Christie's website is destroyed by hackers days before $840 million auctions

Days before the expected sale of $840 million worth of artwork at an auction that included paintings by Warhol and Basquiat, the auction house experienced what it described as a “technological security issue” that took his website offline.

Some collectors and art consultants noticed the problem Thursday evening. The next morning, the website redirected visitors to a temporary page outside of its web domain. “We apologize that our website is currently offline,” she said. “We are working to resolve the issue as soon as possible and apologize for any inconvenience.”

Edward Lewine, a spokesman for Christie's, said a security issue affected some of the company's systems, including the website.

“We are taking all necessary steps to manage this matter, with the engagement of a team of additional technology experts,” he said in a statement. “We will provide further updates to our customers as necessary.”

In recent years the art world has faced an increasing number of cyber attacks. In January, a service provider that helped museums host their collections online and manage internal documents was targeted by hackers. Organizations such as the Metropolitan Opera and the Philadelphia Orchestra have faced cyberattacks that have hampered their ability to sell tickets online.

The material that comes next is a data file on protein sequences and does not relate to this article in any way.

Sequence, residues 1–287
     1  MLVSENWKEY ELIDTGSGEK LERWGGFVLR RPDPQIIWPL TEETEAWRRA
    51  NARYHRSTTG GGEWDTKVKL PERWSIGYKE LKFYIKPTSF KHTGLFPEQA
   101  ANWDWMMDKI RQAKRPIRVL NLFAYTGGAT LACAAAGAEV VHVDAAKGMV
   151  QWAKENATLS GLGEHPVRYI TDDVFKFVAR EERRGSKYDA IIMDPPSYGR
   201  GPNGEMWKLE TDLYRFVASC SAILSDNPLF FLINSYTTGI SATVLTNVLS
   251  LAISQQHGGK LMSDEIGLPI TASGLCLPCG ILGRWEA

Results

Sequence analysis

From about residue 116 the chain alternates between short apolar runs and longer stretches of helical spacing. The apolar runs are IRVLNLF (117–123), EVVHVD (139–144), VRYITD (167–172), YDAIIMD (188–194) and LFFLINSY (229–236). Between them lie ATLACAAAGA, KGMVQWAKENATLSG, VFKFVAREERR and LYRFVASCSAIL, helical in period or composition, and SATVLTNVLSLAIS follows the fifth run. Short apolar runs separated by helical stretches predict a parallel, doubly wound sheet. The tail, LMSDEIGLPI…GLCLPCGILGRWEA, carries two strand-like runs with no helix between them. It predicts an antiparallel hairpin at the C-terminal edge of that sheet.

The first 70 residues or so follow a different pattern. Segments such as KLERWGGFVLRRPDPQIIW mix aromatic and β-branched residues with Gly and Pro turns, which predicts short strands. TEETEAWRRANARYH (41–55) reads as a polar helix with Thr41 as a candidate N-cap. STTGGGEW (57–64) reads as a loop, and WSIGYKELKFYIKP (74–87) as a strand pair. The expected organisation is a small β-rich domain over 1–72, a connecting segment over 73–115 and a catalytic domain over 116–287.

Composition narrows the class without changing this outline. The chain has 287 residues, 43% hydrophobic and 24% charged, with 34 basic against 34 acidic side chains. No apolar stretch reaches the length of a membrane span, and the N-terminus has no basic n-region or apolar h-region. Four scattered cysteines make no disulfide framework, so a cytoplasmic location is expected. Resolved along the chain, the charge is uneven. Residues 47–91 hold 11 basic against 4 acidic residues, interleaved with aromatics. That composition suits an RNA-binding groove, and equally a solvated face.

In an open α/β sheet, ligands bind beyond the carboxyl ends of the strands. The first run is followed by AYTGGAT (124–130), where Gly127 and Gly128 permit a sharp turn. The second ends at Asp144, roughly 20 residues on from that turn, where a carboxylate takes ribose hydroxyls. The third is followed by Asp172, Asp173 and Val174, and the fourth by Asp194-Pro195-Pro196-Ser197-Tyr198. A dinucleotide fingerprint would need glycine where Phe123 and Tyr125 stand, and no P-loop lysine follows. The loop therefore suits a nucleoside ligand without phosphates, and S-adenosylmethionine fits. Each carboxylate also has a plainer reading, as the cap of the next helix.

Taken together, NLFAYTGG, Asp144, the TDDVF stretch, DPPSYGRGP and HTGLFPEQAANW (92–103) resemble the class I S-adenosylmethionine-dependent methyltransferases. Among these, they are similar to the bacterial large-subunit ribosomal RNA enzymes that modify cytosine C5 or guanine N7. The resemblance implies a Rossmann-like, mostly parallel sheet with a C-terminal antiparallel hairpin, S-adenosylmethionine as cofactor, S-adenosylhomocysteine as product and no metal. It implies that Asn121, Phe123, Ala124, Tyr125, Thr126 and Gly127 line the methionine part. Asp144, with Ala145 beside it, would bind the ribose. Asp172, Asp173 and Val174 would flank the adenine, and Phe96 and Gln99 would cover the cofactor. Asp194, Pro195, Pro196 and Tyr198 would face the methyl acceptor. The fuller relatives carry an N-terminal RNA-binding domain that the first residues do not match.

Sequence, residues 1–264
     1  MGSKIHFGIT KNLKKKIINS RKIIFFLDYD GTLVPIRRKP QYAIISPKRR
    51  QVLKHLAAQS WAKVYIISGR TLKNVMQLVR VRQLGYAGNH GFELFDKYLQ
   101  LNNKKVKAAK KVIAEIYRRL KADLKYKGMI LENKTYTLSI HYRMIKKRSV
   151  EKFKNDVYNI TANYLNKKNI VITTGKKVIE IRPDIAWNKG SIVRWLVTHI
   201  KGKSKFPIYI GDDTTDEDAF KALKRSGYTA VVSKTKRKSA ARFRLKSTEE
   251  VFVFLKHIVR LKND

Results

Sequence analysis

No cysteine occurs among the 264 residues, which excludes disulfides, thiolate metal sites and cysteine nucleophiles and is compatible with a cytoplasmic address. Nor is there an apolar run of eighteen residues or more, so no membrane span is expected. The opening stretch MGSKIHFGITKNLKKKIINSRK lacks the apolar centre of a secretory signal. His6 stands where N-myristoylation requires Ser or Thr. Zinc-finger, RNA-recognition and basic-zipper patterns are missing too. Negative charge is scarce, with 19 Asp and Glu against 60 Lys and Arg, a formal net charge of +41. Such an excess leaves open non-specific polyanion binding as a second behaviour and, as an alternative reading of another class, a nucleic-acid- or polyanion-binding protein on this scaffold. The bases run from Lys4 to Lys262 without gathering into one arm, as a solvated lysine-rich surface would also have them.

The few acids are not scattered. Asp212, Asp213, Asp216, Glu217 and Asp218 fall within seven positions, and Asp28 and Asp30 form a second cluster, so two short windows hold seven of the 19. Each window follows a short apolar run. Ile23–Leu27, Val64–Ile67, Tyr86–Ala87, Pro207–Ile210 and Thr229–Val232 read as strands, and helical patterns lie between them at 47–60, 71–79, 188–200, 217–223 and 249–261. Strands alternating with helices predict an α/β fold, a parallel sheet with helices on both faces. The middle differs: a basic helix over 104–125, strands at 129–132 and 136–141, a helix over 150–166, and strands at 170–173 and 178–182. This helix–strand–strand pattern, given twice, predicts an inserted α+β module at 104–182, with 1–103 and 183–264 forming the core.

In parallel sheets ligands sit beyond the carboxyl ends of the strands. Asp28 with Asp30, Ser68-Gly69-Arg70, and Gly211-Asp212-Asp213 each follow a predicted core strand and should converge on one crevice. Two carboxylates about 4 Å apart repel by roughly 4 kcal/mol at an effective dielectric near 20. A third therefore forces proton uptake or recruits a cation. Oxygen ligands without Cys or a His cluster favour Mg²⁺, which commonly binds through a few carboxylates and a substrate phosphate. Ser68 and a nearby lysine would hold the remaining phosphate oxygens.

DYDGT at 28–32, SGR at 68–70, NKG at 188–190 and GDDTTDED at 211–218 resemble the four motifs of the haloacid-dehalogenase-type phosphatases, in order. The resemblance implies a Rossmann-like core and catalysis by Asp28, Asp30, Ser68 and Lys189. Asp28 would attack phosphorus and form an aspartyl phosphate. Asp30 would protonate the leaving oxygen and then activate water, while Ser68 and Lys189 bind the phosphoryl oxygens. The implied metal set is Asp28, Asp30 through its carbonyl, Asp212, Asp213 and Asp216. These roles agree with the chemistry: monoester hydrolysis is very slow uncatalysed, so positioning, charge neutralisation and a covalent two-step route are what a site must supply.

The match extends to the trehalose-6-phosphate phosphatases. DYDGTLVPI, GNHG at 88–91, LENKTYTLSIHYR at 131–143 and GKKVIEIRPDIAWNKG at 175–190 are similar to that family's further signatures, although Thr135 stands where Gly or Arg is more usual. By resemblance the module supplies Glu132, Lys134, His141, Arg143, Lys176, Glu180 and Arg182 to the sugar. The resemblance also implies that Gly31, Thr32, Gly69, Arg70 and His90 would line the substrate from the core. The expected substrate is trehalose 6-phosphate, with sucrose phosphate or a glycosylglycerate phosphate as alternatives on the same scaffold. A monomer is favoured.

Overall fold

“It's difficult for companies to get ahead of cybercrime because attacks continue to evolve,” said Chelsea Binns, a cybercrime expert who teaches at John Jay College of Criminal Justice in Manhattan.

Binns said it is good practice for companies to inform the public as soon as possible if hackers may have access to sensitive information.

The art market is an industry that operates discreetly because its clientele is often made up of world leaders and powerful businessmen.

“Due to the nature of the clientele and the numbers involved, I would expect something better than best practices,” said art consultant Todd Levin.

Levin said the cyberattack occurred at a crucial time before spring sales, when potential buyers confirm their interest in works of art expected to sell for tens of millions of dollars. He said he wouldn't be thrilled right now if he were a salesman. “How can potential bidders access the catalogue?” asked Levin.

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